This restaurant hidden off in Libis serves kouign amann slices à la mode

The Community Kitchen's take on this Breton cake takes over six hours to make but it is worth the wait


Is kouign amann a kind of bread or a cake?

At a restaurant in Libis, Quezon City, a sign on the counter says their kouign amann, monkey bread, and pull-apart bread are baked fresh every day as if a baker announcing today’s fresh bakes. So it’s definitely a kind of bread, right? But then again it can be argued that the pound cake-looking monkey bread is actually a cake.

I don’t know why I even bother asking this question. But here’s where the confusion lies: The dictionary definition of kouign amann says it’s a Breton cake and even its etymology traces back its name to the Breton words for butter and cake. But its ingredients are very similar to that of a croissant, a French pastry. The (bread) dough is layered with butter which is why it’s called “the fattest pastry in all of Europe.” Master patissier Dominique Ansel calls it a “caramelized croissant” because its gilded with sugar.

The more important question here, I guess, is why am I talking about this Breton pastry as if it’s a new thing when as early as 2011, this treat has been having a moment in the US? Even Ansel, who created the cronut, had his own version of kouign amann dubbed as the DKA or Dominique’s kouign amann, which sells like hotcakes even up to now.

And just like the cronut, this then trendy food has reached our shores (and inevitably its peak) thanks to Starbucks and international boulangerie and patisserie franchises Eric Kayser and Paul.

But at The Community Kitchen, a European-centric casual dining establishment in Metropolis St., this baked good is nothing like those mini crown-shaped ones sold at the aforementioned chains. By the looks of it, it can, in fact, be a cake.

The Community Kitchen has been open since September last year. It occupies the ground floor of a brownstone building that calls to mind the residential apartments of New York City with its railings and fire exits.

Prior to the opening of this restaurant, its head chef Bernadette Olivares is semi-retired after years of working for some of the fancy French diners in Makati that boomed in the ’90s and in the early 2000s.

During our visit one weekday afternoon, she’s stationed in one corner of the quite expansive floor space, while her crew—mostly hospitality students from her teaching job at a university in Valenzuela—take on the kitchen duties with little supervision.

She trusts them that much. And for good reason. Within minutes after taking in our orders, one by one the dishes came in from the open kitchen without much commotion.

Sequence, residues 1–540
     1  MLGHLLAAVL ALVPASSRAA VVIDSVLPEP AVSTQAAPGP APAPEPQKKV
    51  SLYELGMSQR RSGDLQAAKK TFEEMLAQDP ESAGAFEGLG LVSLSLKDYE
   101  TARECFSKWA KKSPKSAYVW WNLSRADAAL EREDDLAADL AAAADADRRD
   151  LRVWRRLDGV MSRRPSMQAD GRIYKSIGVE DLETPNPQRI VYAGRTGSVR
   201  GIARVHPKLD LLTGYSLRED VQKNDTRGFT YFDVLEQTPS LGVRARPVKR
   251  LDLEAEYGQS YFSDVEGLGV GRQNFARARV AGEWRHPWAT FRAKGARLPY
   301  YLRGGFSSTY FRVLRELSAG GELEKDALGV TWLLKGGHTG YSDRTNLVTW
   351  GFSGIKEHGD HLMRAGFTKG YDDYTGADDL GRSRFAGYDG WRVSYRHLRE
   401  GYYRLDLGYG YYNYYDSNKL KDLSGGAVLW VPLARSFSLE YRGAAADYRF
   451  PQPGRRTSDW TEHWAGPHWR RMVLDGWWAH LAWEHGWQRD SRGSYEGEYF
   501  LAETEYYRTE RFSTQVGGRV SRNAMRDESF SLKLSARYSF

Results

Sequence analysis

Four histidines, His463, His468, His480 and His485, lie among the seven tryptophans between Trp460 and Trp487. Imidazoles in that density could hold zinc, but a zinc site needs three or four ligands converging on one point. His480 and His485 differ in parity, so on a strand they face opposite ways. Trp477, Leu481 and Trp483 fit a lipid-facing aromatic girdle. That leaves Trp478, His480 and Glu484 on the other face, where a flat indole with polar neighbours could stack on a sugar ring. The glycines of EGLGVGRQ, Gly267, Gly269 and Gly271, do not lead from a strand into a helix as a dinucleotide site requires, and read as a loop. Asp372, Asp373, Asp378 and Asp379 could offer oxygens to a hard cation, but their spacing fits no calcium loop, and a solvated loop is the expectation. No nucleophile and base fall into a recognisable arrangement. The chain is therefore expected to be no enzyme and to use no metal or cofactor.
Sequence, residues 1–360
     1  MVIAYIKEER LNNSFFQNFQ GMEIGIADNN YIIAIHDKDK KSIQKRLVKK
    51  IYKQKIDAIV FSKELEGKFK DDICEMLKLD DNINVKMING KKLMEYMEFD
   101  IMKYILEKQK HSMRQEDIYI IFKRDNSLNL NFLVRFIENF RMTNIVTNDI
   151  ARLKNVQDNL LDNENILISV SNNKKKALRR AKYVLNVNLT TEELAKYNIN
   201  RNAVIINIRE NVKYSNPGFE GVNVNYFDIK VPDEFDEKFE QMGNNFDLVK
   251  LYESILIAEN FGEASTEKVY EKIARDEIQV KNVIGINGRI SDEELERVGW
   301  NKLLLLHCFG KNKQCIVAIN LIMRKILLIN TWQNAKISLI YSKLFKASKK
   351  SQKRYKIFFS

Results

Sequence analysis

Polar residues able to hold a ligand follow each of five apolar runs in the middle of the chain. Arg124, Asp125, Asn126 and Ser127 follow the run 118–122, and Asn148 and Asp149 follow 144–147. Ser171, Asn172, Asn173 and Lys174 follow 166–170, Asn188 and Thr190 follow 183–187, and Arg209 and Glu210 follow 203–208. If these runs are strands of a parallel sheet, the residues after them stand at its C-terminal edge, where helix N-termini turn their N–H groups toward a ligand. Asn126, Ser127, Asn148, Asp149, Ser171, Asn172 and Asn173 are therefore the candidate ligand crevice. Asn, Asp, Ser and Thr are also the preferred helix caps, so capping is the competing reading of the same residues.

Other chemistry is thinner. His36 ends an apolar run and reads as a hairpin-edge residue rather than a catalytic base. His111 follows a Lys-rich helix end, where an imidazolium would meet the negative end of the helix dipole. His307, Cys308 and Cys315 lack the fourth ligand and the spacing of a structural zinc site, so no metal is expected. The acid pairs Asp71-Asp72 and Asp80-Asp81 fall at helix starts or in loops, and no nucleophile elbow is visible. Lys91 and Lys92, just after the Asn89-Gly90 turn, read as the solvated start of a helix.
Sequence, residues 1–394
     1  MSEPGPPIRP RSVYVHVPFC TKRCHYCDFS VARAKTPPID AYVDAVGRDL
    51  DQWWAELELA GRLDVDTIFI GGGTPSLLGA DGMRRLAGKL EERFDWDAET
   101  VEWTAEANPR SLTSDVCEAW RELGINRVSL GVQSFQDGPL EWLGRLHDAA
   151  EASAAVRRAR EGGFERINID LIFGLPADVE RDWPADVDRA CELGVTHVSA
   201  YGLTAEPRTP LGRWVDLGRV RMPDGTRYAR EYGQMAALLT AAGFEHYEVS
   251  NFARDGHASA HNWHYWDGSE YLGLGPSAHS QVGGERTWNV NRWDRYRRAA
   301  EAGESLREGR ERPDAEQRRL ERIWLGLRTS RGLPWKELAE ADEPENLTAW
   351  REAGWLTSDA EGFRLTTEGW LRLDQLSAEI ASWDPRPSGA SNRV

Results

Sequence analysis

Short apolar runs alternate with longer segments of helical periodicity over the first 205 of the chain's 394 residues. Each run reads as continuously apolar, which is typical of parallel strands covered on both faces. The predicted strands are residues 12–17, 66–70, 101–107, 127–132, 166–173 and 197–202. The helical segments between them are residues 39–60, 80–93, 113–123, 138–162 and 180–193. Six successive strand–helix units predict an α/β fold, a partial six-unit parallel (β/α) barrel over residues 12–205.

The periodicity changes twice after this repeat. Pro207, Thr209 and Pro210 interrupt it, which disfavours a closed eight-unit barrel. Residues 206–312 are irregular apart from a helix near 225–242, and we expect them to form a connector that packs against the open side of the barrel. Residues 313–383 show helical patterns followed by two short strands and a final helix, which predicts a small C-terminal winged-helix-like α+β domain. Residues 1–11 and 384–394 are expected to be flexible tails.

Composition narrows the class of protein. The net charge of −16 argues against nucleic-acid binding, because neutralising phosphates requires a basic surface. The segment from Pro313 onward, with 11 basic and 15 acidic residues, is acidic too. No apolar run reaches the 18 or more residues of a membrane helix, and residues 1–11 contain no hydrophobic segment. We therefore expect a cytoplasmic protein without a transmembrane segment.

Capricciosa pizza

First came the Capricciosa pizza, the Italian equivalent of the overloaded pizza. It’s topped with ham, mushrooms, artichoke, and a runny sunnyside up egg right in the center—a meal in itself.


Two more plates followed. One is the vongole, a spaghetti dish with clams, almond, and white wine, that smells of the ocean even from a meter away. The other is a platter of super tender and slightly sweet-like-tocino-or-tapa baked quarter rack pork ribs served with fries and a salad on the side.

Baked pork ribs

As each plate is laid on the table, I can’t help but think how plain this restaurant is and their menu. It’s strictly the kind of European fare a typical Filipino family would want to have dinner in. Then a whiff of a sweet aroma filled the room. Imagine living next to a bakery your whole life, the smell that fills the air every time something is pulled out of the oven—my childhood. That’s how I felt.

But then there’s something else. It’s not just the smell of freshly-baked bread, there’s butter, its richness gently taking over your olfactory senses. And sugar?

It was the kouign amann. But not the one I expected. Instead of a single served disc-shaped pastry, this one is bundled up like pull-apart cinnamon rolls. Its golden mounds are painstakingly rolled over and over again, laminated with butter and sugar taking six to eight hours to make.

“I used to make single kouignoù amann but then they would end up too sweet,” said Olivares. “I don’t know why.” Since then she’s resorted to making these big batches sold as a whole or per slice like a cake.

Not that she minds any dessert being too sweet (“What’s the point of a dessert if it’s not sweet?!”). Whoever said it is the fattiest pastry in Europe was right. You don’t need to take a bite to know it has a lot of butter and sugar, it declares that just by the smell it gives off. But that’s also the good part about it.

The sugar drips down the bottom forming a caramel that hardens when left out too long, while the slightly crisp top glistens presumably because of the glaze. Inside is a soft multilayered bread-like structure resembling a cinnamon roll (but without cinnamon) that unfurls with each pull.

One can say that The Community Kitchen is a pared down French-Italian restaurant at best—and it’s mostly a correct assumption considering its nonchalant interiors, big tables, and the open kitchen. That’s exactly how Olivares wanted it to be—a break from her fancy previous restaurants.


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TAGS: Eastwood french cuisine Italian restaurant kouign amann libis the community kitchen